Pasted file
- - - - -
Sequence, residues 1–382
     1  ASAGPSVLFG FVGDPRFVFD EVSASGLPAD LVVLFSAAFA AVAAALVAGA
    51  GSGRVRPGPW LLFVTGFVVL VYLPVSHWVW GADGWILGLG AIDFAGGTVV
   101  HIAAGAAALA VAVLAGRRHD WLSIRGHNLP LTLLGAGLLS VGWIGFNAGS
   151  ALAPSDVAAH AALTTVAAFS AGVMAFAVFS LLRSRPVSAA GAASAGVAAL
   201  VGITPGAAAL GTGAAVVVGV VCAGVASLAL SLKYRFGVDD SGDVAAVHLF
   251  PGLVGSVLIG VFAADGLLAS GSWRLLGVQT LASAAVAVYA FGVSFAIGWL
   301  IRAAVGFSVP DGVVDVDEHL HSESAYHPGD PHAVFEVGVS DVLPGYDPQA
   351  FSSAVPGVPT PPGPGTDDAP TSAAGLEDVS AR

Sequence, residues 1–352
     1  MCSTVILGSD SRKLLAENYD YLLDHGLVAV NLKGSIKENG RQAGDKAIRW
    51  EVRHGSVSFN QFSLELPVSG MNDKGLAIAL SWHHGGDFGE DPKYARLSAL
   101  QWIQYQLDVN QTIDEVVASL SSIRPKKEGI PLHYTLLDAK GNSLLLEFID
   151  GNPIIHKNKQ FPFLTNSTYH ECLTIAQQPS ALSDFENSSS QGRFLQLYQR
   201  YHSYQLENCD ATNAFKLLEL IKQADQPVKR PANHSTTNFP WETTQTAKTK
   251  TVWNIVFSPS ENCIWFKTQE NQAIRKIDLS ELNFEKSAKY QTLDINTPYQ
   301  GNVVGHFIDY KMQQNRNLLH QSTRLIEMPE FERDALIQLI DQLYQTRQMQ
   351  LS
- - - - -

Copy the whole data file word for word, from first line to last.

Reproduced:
Sequence, residues 1–382
     1  ASAGPSVLFG FVGDPRFVFD EVSASGLPAD LVVLFSAAFA AVAAALVAGA
    51  GSGRVRPGPW LLFVTGFVVL VYLPVSHWVW GADGWILGLG AIDFAGGTVV
   101  HIAAGAAALA VAVLAGRRHD WLSIRGHNLP LTLLGAGLLS VGWIGFNAGS
   151  ALAPSDVAAH AALTTVAAFS AGVMAFAVFS LLRSRPVSAA GAASAGVAAL
   201  VGITPGAAAL GTGAAVVVGV VCAGVASLAL SLKYRFGVDD SGDVAAVHLF
   251  PGLVGSVLIG VFAADGLLAS GSWRLLGVQT LASAAVAVYA FGVSFAIGWL
   301  IRAAVGFSVP DGVVDVDEHL HSESAYHPGD PHAVFEVGVS DVLPGYDPQA
   351  FSSAVPGVPT PPGPGTDDAP TSAAGLEDVS AR

Sequence, residues 1–352
     1  MCSTVILGSD SRKLLAENYD YLLDHGLVAV NLKGSIKENG RQAGDKAIRW
    51  EVRHGSVSFN QFSLELPVSG MNDKGLAIAL SWHHGGDFGE DPKYARLSAL
   101  QWIQYQLDVN QTIDEVVASL SSIRPKKEGI PLHYTLLDAK GNSLLLEFID
   151  GNPIIHKNKQ FPFLTNSTYH ECLTIAQQPS ALSDFENSSS QGRFLQLYQR
   201  YHSYQLENCD ATNAFKLLEL IKQADQPVKR PANHSTTNFP WETTQTAKTK
   251  TVWNIVFSPS ENCIWFKTQE NQAIRKIDLS ELNFEKSAKY QTLDINTPYQ
   301  GNVVGHFIDY KMQQNRNLLH QSTRLIEMPE FERDALIQLI DQLYQTRQMQ
   351  LS